Decorative Oil Lamps

The ingestion of small amounts of lamp oil for decorative oil lamps may lead to irreversible lung damage and to death. Under the leadership of the Consumer Council a European standard has been developed which prevents the access of small children to the lamp oil. It includes among other things “child-resistant” filler openings, prevention of leakage even if the oil lamp is turned around as well as a wick guard to keep children from sucking on the wick. The design of the lamp must not be attractive for children. This standard was adopted in 2002 and is also de facto obligatory.

Additional Information

Oil used for decorative oil lamps may lead to severe lung damage with fatal con-sequences when ingested. Just a small amount of lamp oil getting into the lung suffices to have fatal consequences. Small children who drink the oil directly from the lamp or from refill bottles are at particular risk. Due to their physical properties (viscosity, surface tension) these paraffin or isoparaffin oils can easily pass the epiglottis and spread across the lung. The symptoms comprise cough, fever, vomiting, respiratory insufficiency and eventually chemical pneumonia.

One sip can be fatal

Just one sip (8 - 15 ml) can lead to irreversible lung damage and even to death. In some cases sucking on the wick in amounts not exceeding 1 ml is sufficient to give rise to serious symptoms of poisoning. According to the German Federal Institute for Health Protection of Consumers and Veterinary Medicine (BgVV) there are about 250 - 300 cases of chemical pneumonia in Germany per year. The German poison information centres annually receive about 1.000 enquiries regarding oil lamps. In Austria altogether 25 poisonings requiring hospital treatment were recorded between May 1994 and February 1997. Ten cases per million inhabitants are assumed to occur in the EU.

Consumer Council chairs working group

Within the framework of the European chemicals regulations it was stipulated that lamp oil may be sold in child-resistant containers only. In addition, coloured and perfumed oils are no longer allowed. These regulations are to be complemented by a specification for “child-resistant” oil lamps. A mandate concerning this matter was approved by the European Commission in 1997. The Consumer Council at the Austrian Standards Institute applied for the chairmanship and secretariat of the responsible working group of the European standardisation organisation CEN which was eventually granted. After finalisation of the financial negotiations with the Commission work could be initiated in spring 1999.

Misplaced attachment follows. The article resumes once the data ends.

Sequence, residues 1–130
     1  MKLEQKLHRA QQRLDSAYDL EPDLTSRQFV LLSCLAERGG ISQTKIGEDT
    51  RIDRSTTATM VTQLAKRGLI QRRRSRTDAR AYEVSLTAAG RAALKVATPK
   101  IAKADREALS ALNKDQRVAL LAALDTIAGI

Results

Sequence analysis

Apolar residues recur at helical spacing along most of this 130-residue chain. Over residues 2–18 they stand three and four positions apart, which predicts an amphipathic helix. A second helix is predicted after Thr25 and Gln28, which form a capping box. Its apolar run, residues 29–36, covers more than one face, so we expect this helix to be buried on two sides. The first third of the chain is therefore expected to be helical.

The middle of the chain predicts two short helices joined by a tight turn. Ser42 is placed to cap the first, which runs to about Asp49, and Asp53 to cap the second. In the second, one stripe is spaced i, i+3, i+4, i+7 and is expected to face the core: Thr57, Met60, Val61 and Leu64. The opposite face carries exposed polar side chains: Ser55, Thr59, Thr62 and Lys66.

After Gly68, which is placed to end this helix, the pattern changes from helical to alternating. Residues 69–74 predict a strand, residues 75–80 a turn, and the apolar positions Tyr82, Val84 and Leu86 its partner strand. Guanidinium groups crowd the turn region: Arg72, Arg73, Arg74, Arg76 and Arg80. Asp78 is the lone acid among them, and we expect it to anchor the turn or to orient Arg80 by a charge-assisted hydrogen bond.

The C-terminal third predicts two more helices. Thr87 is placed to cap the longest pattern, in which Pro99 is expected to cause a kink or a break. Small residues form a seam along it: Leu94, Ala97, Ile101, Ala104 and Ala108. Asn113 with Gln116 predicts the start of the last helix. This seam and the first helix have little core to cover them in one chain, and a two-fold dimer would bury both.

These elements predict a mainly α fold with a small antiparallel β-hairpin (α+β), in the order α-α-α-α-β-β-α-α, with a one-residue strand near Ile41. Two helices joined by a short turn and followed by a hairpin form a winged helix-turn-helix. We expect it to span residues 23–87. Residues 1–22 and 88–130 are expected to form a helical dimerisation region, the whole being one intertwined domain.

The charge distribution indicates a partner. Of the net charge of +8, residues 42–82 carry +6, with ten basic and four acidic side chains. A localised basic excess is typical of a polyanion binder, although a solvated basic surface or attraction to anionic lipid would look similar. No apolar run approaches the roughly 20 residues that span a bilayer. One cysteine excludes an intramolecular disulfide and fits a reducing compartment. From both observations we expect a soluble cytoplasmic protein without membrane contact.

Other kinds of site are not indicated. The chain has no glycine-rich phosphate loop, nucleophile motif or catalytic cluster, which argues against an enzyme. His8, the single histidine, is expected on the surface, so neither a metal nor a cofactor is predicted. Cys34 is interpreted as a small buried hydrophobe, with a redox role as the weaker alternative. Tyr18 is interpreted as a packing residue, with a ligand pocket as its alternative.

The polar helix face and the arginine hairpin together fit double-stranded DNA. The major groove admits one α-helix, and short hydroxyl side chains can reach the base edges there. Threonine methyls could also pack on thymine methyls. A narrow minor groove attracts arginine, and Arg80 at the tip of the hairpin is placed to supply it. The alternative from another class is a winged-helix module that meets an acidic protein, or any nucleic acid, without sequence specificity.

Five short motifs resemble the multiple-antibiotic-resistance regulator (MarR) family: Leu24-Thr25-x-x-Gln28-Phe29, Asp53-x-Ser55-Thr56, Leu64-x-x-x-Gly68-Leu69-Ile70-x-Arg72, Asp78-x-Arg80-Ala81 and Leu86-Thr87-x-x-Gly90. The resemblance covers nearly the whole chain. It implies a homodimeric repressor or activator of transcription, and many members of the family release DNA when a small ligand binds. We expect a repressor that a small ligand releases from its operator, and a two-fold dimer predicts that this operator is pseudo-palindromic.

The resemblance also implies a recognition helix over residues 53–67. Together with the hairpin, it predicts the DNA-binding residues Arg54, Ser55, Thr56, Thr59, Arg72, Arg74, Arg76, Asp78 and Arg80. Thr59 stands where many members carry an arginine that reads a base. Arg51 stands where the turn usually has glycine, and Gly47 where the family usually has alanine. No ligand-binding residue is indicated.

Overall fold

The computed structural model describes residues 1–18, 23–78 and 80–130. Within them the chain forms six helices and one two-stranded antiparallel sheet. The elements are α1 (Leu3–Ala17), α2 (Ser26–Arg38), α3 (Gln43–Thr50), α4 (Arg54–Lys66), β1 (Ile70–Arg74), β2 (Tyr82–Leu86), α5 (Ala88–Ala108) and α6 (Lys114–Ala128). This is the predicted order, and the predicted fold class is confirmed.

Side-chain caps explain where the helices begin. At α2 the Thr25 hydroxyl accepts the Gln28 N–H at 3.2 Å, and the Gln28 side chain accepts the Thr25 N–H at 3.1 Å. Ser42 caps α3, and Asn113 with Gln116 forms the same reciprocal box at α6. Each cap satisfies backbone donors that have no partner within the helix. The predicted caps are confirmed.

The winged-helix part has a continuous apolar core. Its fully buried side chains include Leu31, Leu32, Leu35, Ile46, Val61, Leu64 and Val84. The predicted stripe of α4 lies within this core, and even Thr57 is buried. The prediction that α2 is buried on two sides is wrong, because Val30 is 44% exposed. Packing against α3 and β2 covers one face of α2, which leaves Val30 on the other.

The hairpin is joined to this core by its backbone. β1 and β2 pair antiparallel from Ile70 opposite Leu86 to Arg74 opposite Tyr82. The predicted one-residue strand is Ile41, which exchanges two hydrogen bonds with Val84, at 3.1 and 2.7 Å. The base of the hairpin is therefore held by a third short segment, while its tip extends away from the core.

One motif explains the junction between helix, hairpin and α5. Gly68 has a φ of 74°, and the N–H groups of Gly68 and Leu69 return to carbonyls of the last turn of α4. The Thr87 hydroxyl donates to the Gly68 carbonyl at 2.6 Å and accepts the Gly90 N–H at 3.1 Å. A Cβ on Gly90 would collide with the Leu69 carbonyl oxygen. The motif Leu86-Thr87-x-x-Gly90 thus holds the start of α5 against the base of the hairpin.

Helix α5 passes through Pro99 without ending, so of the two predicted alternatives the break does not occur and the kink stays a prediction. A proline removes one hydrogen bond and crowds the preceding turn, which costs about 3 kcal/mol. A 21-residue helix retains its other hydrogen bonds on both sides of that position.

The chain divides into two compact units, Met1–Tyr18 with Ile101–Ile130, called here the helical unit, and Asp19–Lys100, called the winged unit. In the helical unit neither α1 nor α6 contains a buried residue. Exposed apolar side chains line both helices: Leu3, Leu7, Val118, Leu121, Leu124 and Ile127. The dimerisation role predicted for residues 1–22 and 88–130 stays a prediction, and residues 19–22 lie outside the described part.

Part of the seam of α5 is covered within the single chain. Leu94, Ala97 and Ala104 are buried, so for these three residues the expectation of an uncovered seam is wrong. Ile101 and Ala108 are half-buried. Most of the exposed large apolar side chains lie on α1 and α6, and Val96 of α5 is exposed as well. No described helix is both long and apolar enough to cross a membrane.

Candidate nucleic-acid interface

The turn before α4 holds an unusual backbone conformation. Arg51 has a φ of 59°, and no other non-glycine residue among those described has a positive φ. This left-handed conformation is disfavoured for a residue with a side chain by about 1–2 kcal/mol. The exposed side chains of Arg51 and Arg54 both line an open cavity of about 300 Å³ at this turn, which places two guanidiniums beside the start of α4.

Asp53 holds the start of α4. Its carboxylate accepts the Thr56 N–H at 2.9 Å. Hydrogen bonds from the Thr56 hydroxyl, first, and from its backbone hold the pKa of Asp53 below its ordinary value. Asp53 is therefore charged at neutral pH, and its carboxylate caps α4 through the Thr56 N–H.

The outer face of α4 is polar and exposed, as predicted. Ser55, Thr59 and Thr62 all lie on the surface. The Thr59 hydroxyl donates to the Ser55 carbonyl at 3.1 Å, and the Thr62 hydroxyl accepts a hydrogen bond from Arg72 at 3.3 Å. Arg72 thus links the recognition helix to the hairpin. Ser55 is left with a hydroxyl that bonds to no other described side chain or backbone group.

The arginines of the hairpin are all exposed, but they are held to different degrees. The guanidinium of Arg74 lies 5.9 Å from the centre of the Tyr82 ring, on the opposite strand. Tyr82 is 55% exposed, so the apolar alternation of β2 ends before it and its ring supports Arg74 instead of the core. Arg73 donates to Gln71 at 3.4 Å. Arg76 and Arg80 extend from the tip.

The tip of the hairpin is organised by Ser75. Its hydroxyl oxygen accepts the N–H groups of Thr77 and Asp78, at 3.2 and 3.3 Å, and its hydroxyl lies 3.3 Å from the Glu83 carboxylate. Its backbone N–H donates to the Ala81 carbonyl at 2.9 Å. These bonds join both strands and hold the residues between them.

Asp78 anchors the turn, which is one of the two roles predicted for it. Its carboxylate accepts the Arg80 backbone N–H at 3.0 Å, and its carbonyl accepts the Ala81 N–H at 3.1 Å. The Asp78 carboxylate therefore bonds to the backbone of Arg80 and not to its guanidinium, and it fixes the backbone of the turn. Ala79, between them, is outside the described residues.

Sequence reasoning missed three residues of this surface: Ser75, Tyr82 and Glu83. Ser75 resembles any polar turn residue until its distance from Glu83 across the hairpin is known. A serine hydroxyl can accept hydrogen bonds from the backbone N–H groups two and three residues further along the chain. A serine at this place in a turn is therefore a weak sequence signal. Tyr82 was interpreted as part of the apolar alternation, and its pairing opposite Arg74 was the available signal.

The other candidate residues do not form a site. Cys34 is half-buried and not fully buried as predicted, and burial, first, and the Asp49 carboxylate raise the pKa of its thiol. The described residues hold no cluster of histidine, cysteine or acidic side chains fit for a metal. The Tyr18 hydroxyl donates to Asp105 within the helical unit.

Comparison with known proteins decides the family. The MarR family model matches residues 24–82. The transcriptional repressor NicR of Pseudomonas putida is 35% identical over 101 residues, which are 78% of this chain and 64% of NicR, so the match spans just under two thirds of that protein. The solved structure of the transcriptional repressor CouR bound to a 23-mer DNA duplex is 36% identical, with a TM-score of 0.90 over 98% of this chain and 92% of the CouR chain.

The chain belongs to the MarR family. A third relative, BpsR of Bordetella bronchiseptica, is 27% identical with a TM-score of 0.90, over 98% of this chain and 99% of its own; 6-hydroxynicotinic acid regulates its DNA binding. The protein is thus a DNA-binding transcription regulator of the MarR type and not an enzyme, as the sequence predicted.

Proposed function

Major issues are the tightness of the lamps (oil must not leak, even if the lamp is turned round), child-resistant design of the closure of the oil container and measures ensuring that the wick is not accessible to a child’s mouth. During the course of the project a first prototype of such an oil lamp was developed in co-operation with TÜV-Austria. To this end, a Swedish Lamp, which had already a screwed wick holder and not a loose one, was rebuilt. The wick was made tight by means of a guide and the screw cap was replaced by a bayonet joint, which requires a simultaneous push and turn movement for opening. Finally, a funnel-shaped guard was built in around the wick to ensure that children cannot suck on the wick. In addition, a set of normative requirements and corresponding test methods have been prepared.

First successful tests

In co-operation with the Norwegian consumer institute SIFO child panel tests have been carried out based on standards for child-resistant packaging (ISO 8317 and EN 28317, respectively) with this prototype. The children are given 5 minutes twice to open the closure. If they do not succeed during the first half of the test, opening is demonstrated by the tester. In all, no more than 20 % of the children are allowed to gain access to the contents during the full test period. The results of the child panel test were quite satisfactory: a few children only were able to open the bayonet joint.

The standard will contain a number of further elements, e.g. requirements concerning mechanical strength (pendulum impact test), stability and marking. In addition, it is ensured that the lamp design is not attractive for children. The products currently available on the market do not at all comply with the envisaged requirements. They will (have to) be substituted in due course by products with a radically improved product design.

Standard approved

A European Draft Standard (prEN 14059 “Oil lamps - Safety requirements and test methods”) was published in November 2000 and submitted for public enquiry. The reactions were mainly positive. Thus the standard could be finalised without major changes. It was finally approved in July 2002. With the publication of the reference to this standard in the Official Journal of the EU in April 2004 it became de facto compulsory in Europe.

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